The Effect of Medicaid Payment Rates on Access to Dental Care Among Children
Historically, low Medicaid reimbursement rates have limited the willingness of health care providers to accept Medicaid patients, leading to access problems in many communities. This problem has been especially acute in the case of dental care. We combine data from several sources to examine the effect of payment rates on access to dental care among children on Medicaid and on dentists' participation in the program. The main utilization analysis is based on data from the Survey of Income and Program Participation combined with data on Medicaid payment rates and private market dental fees for the years 2001 to 2010. Conditioning on state fixed effects, we find a modest, but statistically significant, positive relationship between Medicaid payment rates and several measures of dental care utilization. We find a comparable effect in aggregate data reported by state Medicaid programs. The most likely explanation for this result is that higher fees increase the number of dentists that accept Medicaid patients. We test this hypothesis directly using data from annual surveys of dentists conducted by the American Dental Association between 1999 and 2009. The results indicate a positive and statistically significant effect of Medicaid payment rates on whether a dentist treats any publicly insured patients and the percent of the practice's patients who have public insurance. Similar to the utilization results, the magnitude of the effect is relatively small. As a result, the estimates imply that increasing Medicaid payments to the level of private market fees would increase access to care, but the incremental cost of the additional visits induced would be very high.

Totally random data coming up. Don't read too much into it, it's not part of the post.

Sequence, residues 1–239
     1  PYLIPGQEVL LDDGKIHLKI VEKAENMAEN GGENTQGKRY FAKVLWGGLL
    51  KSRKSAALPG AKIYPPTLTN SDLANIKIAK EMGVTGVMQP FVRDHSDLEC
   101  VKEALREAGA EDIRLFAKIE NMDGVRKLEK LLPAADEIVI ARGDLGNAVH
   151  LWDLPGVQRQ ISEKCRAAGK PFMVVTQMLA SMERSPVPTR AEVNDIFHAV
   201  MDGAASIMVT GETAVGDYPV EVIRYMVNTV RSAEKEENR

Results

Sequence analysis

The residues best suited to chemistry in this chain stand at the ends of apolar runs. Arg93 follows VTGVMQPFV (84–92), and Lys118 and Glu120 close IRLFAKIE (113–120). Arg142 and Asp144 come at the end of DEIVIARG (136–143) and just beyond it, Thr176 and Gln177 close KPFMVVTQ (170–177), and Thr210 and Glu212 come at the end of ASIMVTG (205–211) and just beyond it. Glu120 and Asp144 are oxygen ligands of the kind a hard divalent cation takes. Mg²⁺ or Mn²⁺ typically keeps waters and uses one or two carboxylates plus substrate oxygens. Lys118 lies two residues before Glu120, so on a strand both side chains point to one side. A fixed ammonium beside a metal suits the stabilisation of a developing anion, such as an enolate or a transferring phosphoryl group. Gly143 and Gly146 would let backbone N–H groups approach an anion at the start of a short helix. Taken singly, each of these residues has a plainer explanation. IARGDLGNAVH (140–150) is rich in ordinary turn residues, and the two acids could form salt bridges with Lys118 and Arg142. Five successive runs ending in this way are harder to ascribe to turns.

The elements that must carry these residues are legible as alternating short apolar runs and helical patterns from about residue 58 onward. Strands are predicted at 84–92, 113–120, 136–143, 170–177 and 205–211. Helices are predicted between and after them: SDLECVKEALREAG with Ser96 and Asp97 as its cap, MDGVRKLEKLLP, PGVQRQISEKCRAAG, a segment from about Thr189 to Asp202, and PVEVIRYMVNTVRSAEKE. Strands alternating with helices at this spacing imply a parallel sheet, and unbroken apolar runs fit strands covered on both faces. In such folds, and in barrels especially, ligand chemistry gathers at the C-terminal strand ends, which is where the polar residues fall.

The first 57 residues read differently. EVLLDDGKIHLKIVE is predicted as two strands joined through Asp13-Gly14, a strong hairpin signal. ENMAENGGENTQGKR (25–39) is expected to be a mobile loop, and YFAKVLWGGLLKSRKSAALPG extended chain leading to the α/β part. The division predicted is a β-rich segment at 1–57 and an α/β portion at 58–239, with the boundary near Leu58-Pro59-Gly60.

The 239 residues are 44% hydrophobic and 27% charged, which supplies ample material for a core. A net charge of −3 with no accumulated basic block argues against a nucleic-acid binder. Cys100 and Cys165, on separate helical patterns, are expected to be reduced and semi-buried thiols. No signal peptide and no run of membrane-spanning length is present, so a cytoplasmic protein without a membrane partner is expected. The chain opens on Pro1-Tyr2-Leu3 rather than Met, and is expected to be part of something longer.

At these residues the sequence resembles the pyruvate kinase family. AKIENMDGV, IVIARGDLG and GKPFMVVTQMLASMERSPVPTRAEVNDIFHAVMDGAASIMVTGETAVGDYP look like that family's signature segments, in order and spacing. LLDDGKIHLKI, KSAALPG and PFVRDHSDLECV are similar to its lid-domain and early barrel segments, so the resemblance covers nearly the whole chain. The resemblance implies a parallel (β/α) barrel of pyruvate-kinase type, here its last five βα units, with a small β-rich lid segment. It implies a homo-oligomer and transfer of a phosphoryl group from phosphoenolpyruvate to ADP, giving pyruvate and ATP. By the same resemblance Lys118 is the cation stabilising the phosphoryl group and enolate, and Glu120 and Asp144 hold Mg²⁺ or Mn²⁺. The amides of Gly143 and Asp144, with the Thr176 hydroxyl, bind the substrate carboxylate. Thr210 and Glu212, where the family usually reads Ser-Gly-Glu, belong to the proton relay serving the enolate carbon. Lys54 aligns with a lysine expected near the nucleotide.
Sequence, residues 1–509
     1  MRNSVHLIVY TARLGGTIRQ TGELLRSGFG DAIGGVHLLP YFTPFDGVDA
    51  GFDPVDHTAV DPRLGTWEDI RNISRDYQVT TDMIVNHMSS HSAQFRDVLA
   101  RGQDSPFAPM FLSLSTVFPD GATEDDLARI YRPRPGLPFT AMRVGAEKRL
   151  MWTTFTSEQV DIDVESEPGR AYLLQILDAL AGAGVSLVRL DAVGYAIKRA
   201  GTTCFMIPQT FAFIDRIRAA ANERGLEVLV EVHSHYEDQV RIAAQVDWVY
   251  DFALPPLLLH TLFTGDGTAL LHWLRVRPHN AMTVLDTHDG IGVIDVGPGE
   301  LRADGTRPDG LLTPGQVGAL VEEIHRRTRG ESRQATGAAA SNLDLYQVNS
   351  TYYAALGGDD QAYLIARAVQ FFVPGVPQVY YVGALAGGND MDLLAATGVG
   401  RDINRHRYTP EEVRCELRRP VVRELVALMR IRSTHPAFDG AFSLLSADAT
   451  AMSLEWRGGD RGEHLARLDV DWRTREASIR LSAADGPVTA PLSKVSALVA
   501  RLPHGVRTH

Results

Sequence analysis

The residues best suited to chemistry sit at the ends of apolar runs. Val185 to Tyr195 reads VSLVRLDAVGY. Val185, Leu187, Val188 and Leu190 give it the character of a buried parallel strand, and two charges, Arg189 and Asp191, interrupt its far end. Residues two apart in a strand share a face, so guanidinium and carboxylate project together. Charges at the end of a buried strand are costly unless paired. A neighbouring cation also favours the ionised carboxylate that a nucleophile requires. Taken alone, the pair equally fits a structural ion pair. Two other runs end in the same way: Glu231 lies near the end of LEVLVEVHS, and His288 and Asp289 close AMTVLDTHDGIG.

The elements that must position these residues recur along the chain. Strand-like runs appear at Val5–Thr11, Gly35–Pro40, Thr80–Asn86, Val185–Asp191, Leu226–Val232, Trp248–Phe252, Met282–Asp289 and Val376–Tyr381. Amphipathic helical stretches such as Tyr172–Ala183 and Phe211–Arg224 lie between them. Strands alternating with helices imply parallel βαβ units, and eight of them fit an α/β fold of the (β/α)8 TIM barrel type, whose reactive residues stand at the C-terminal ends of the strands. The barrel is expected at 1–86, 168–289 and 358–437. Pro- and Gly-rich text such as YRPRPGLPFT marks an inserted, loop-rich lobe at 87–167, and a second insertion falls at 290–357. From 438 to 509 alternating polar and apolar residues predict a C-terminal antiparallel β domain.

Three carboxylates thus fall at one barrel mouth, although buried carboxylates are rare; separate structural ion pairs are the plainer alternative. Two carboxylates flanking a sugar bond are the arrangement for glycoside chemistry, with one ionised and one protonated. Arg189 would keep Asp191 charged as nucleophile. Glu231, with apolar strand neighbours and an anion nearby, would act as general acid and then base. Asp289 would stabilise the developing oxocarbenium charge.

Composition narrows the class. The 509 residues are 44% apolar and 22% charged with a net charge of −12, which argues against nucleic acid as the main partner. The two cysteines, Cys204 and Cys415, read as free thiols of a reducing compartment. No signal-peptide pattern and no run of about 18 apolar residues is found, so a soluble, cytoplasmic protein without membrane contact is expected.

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Document Object Identifier (DOI): 10.3386/w19218
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